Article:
Coles, Telstra, Apple: where to invest during COVID-19
Following the outbreak of SARS and Ebola, markets dipped but quickly recovered, marching onwards and upwards to the dizzying heights of the past year. Will coronavirus be any different?
Coronavirus has shaken markets this past week, sparking talk of an impending recession in the US. The S&P 500 plunged about 9% last week, its biggest weekly fall since the 2008 global financial crisis.
But this is still shy of the 20% correction it would take to be classified a bear market, which would mark the end of the 10-year stock run.
Nonetheless, central banks here and abroad have jumped into action. The RBA cut 25 basis points, taking the cash rate to a record low of 0.5%, while the US Fed has gone all in with a 50 basis point cut, taking the US cash rate to a target range of 1-1.25%.
Investment experts are as spooked as the markets they invest in.
"The globalisation of the coronavirus is a game-changer," says Paul O'Connor from Janus Henderson.
"The recognition that the virus is globalising has extinguished hopes of a v-shaped recovery in global growth and rekindled fears of recession."
The only certainty here is uncertainty.
"What is clear, is the potential supply and demand shock that may be about to sweep the global economy," says Jeffrey Halley from OANDA.
"That likely justifies the equity sell-off of this week with a harsh reassessment of delusional valuations in some cases, and a central bank growth forever in others."
And there are fund managers that say 2020 can still be a year of growth.
"We maintain our view that 2020 growth will not be completely derailed, but the longer the outbreak lasts and the more it spreads, the bigger the risk to overall growth," says Esty Dwek from Natixis Investment Managers Solutions.
"We had reduced our allocation to equities in anticipation of hgher volatility and we believe this is likely to continue. We also believe that short-term downside risks persist, as earlier market resilience now appears broken."
It's important to acknowledge that a correction sometime soon was likely, even before coronavirus took hold. Global markets have been at record highs, driven by valuations many believe are stretched.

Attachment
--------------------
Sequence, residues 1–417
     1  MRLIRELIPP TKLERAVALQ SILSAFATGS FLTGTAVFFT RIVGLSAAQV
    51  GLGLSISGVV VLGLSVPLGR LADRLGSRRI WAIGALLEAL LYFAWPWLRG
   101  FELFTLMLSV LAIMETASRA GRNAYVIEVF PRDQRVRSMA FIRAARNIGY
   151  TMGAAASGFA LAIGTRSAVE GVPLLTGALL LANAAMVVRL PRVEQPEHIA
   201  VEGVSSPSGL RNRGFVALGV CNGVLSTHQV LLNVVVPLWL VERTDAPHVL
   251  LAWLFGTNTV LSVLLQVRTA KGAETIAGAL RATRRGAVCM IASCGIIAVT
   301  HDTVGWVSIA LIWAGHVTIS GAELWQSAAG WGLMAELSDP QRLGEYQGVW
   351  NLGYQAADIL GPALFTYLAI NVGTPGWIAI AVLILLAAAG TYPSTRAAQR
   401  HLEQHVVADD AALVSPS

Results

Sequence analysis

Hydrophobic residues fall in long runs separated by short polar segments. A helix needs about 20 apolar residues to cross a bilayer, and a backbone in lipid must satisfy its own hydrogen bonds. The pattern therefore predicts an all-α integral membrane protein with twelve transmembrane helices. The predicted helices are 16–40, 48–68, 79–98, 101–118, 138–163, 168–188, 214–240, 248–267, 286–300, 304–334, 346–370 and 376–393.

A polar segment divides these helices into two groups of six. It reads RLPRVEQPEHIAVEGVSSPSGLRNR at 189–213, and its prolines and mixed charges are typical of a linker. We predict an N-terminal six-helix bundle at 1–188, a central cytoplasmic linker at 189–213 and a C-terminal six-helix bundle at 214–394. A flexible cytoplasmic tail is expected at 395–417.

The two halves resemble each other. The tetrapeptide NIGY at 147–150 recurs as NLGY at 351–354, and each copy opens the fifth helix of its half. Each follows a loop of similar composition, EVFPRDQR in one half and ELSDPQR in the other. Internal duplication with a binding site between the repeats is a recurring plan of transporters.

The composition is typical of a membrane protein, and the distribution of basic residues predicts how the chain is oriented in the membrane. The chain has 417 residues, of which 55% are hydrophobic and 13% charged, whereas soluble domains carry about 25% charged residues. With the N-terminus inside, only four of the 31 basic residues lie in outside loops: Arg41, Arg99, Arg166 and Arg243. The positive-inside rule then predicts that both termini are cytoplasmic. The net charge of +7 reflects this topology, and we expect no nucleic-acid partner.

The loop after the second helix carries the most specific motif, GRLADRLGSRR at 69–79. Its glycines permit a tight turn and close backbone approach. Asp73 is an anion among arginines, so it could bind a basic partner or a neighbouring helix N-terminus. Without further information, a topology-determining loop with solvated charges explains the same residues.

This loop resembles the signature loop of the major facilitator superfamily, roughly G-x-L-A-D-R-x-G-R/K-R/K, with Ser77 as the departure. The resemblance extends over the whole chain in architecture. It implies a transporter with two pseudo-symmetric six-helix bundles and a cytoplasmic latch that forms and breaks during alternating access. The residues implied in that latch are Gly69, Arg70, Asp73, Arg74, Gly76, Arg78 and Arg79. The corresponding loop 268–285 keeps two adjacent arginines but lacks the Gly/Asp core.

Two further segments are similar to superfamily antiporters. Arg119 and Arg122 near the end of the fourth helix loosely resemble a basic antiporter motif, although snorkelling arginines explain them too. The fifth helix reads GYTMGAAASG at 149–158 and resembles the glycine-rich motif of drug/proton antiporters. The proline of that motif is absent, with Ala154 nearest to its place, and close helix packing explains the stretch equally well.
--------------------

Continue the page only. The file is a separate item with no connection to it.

Beacons of hope
Not all companies are feeling the heat. Unlike computer viruses, coronavirus can't be transmitted through cyberspace.
"Apple, Microsoft, Alibaba, and Google are significantly into cloud and data, and that forms the distant delivery of goods and services," says Alex Pollak of Loftus Peak.
"We see these companies as part of the solution. You don't want to mix people with pandemics, and these companies take people out of much of the equation, and in this way they're part of the solution.
"In the case of Tencent, people stay home and play games, so quarantines don't hurt it. And Alibaba is part of the distance solution with respect to commerce."
Pollak says his Chinese exposures copped it in the beginning, but have come out of it faster because the recovery rate inside of China is starting to appreciate.
Anton Tagliaferro from IML Investors warns that the stocks that have been most optimistically valued by speculators are the same ones most at risk from coronavirus.
"Our portfolios are tilted towards companies which we believe are relatively immune to the consequences of the impact of the virus on economic activity - here we are talking about companies like Telstra, Coles, Ausnet and Sonic. Many of these stocks also offer attractive sustainable dividends," he says.
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